- Raspberry Pi Zero W ($10): This is the least powerful Pi, but it’s also super tiny (about the size of a USB Flash drive) and super cheap, so you can use it in a lot of different projects. It has both Wi-Fi and Bluetooth, so it can connect to your network and devices.
There’s also a Raspberry Pi Zero that has no wireless connectivity, but we wouldn’t recommend that because it’s not much cheaper. If you plan to use the GPIO pins, you will need to attach your own (unless you buy one with them presoldered, which is rare). See our Raspberry Pi Zero guide for more information on how to get started with Zero and what you can do with it.
- Raspberry Pi 3 B / 3 B+ ($35): These were the current-generation Raspberry Pis up until June 2019 and they are still easy to find for sale. They are slower than Raspberry Pi 4s, but they have some pluses in that they use regular HDMI cables (rather than micro HDMI), and they run cooler than the Pi 4. While they are similar, the 3 B+ is 200 MHz faster than the 3 B and has better Wi-Fi.
Further down the page, we have a complete table of all the Raspberry Pi models ever made.
Tutorials and Support
Perhaps the best thing about the Raspberry Pi is the community of enthusiasts that stand behind it. If you’re looking for help, you can find support on Tom’s Hardware’s own Raspberry Pi forum, the Raspberry Pi’s official forums or on Reddit’s /r/raspberry_pi.
There are tons of great tutorials on the Internet that help you customize the Pi and use it for your specific needs. We have published a few helpful how-tos here at Tom’s Hardware, both for regular Raspberry Pis and Picos.
- How to Set Up a Raspberry Pi for the First Time
- How to Boot a Raspberry Pi 4 from a USB SSD or Flash Drive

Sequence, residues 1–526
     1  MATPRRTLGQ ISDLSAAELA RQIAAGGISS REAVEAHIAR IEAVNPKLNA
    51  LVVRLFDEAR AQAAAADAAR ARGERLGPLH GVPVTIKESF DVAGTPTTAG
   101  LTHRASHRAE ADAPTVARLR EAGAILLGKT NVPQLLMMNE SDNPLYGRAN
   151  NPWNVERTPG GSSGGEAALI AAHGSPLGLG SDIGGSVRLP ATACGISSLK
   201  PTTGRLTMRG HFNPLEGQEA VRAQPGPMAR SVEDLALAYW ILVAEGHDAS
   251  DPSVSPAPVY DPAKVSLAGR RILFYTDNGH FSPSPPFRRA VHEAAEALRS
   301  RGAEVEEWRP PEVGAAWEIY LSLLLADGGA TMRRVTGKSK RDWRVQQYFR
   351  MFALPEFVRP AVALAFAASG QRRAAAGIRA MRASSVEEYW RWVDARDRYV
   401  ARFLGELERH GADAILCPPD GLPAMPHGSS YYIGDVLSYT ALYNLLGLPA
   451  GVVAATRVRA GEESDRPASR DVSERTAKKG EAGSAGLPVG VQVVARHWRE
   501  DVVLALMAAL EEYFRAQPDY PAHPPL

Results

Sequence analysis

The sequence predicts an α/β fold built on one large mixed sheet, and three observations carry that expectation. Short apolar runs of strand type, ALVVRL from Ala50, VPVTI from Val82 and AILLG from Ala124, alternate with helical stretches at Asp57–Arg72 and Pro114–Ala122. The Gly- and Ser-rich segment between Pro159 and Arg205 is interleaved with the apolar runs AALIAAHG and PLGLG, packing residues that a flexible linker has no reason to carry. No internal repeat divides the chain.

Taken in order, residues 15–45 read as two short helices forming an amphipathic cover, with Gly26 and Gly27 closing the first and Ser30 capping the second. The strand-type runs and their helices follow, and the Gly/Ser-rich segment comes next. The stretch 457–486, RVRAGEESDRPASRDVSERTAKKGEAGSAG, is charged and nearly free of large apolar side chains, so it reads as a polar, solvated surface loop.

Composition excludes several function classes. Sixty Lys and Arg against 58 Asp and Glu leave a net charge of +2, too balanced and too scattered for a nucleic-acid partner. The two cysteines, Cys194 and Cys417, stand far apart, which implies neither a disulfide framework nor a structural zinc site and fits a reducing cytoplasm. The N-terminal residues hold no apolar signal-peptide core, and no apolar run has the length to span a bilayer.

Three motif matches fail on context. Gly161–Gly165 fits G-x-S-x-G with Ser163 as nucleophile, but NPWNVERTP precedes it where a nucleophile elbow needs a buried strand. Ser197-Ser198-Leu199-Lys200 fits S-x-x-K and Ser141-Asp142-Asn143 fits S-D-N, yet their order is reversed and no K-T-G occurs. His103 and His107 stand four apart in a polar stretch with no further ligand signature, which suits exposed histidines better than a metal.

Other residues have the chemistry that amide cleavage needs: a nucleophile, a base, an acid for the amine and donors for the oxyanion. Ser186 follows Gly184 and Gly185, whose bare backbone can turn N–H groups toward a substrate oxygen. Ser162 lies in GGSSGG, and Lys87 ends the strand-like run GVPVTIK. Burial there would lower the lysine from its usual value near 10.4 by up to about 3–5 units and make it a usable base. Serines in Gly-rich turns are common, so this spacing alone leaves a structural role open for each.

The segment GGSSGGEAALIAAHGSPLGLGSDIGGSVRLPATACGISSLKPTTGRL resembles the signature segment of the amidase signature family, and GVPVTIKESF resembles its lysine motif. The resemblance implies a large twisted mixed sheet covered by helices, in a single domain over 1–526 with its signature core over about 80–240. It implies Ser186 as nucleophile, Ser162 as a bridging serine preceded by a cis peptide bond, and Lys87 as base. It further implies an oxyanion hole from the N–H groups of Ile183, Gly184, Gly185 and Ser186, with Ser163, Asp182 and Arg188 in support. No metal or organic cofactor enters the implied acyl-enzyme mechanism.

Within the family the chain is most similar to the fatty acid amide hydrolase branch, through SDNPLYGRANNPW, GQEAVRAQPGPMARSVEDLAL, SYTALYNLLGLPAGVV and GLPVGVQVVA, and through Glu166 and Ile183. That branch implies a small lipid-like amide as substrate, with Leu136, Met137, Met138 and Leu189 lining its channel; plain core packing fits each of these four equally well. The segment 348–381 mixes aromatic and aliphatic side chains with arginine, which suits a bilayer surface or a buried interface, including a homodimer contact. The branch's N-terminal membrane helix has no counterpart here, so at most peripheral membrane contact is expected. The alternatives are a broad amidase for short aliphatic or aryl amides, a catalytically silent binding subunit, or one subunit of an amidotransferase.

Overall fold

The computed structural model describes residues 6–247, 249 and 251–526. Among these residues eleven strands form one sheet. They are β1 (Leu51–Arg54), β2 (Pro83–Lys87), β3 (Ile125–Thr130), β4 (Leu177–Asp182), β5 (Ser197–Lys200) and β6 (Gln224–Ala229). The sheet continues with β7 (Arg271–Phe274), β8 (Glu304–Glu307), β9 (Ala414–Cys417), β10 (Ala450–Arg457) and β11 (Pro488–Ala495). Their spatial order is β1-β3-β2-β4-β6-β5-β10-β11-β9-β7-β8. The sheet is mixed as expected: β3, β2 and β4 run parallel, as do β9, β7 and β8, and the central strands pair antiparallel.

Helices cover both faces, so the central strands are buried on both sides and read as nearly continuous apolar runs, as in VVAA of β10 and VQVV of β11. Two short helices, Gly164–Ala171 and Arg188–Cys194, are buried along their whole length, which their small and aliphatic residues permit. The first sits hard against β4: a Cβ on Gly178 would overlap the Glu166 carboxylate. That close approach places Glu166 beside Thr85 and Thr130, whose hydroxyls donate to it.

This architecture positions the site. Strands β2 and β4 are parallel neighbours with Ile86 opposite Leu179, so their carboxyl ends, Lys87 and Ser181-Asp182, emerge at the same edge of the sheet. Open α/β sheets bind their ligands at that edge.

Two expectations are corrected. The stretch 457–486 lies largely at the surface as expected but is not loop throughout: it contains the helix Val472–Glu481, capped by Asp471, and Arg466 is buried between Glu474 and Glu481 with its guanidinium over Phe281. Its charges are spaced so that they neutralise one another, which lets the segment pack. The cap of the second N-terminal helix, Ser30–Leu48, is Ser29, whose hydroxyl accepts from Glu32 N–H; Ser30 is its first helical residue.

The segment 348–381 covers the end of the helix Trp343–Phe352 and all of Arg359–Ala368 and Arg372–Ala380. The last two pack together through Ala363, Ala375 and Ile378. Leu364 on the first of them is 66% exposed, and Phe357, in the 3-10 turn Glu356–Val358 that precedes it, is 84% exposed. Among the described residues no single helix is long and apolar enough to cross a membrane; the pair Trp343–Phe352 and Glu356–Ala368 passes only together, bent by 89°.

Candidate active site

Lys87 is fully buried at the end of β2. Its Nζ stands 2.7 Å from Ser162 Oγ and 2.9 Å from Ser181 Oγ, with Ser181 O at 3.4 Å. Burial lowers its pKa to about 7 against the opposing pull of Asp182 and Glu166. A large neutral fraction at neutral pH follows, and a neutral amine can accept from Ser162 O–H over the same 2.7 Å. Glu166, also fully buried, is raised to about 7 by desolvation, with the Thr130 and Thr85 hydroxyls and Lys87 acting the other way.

- How to Train Your Raspberry Pi for Facial Recognition
- How to Back Up Raspberry Pi as a Disk Image
- How to Build an Airplane Tracker with Raspberry Pi
- How to Turn Your Raspberry Pi into an Electronic Door Chime
- How to Build a Raspberry Pi Photo Frame
- How to Build a KVM Over IP with Raspberry Pi
- How to Build an Alexa Smart Screen with Raspberry Pi
- How to Build a Raspberry Pi Hand Washing Timer
- How to Create a Raspberry Pi Light Show with Analog Inputs
- How to Make a Raspberry Pi-Powered Print Server
- How to Run Google Stadia on a Raspberry Pi
- How to Capture Screenshots on Raspberry Pi
- How to Set Up a Raspberry Pi Web Server
- How to Change Raspberry Pi's Hostname
- How to Use Raspberry Pi and Arduino Together
- How to Use Raspberry Pi as a PC Webcam
- How to Install Ubuntu on a Raspberry Pi
- How to Run Raspberry Pi 4 or 3 Off an SSD or Flash Drive
- How to Create Custom Keyboard Shortcuts on the Raspberry Pi
- How to Run Emulators on the Raspberry Pi 4
- How to Fix Raspberry Pi's 'Cannot Currently Show the Desktop' Error
- 25+ Linux Commands Raspberry Pi Users Need to Know
- How to Set Up and Program Raspberry Pi Pico
- How To Solder Pins to Your Raspberry Pi Pico
- How to Get Wi-Fi, Internet on Raspberry Pi Pico
- How to Program Raspberry Pi Pico with Arduino IDE
- How to Build a Raspberry Pi Pico Weather Station
- How to Connect an Analog Joystick to a Raspberry Pi Pico
- How to Use Your Raspberry Pi Pico With DC Motors
- How to Use a Motion Sensor with Raspberry Pi Pico
- How to Use an Ultrasonic Sensor with Raspberry Pi Pico
- How to Use an OLED Display with Raspberry Pi Pico
- How to Use a 7-Segment Display with Raspberry Pi Pico
- How to Reset Your Raspberry Pi Pico With a Button
Perhaps the most important feature of the Raspberry Pi is its set of 40 GPIO (General Purpose Input / Output) pins. The Raspberry Pi GPIO pins allow you to connect to all kinds of electronics, including LED lights, sensors, motors and controllers.
Each of the 40 pins serves a different purpose; some are grounds, others provide 3.3 or 5 volts of juice and still others can send data to different kinds of devices.
To learn what each pin does, see our article and chart on the Raspberry Pi GPIO pinout.
The Raspberry Pi PIco also has 40 GPIO pins, but the layout and functionality are different and, in ways, more expansive. The Pico has three, on-board ADC (analog-to-digital) converters that allow it to work with analog devices such as joysticks and potentiometers, without the need for an additional board.
Overclocking the Raspberry Pi
The Raspberry Pi was built for people who like to tinker so all current models are unlocked for overclocking, which is really easy to do. We’ve got an article that shows you how to overclock any Raspberry Pi, including pushing the Raspberry Pi 4 all the way up to 2.147 GHz, but you’ll definitely want to add a fan like the Pimoroni Fan Shim or the 52Pi Ice Tower Cooler.
Brief History of Raspberry Pi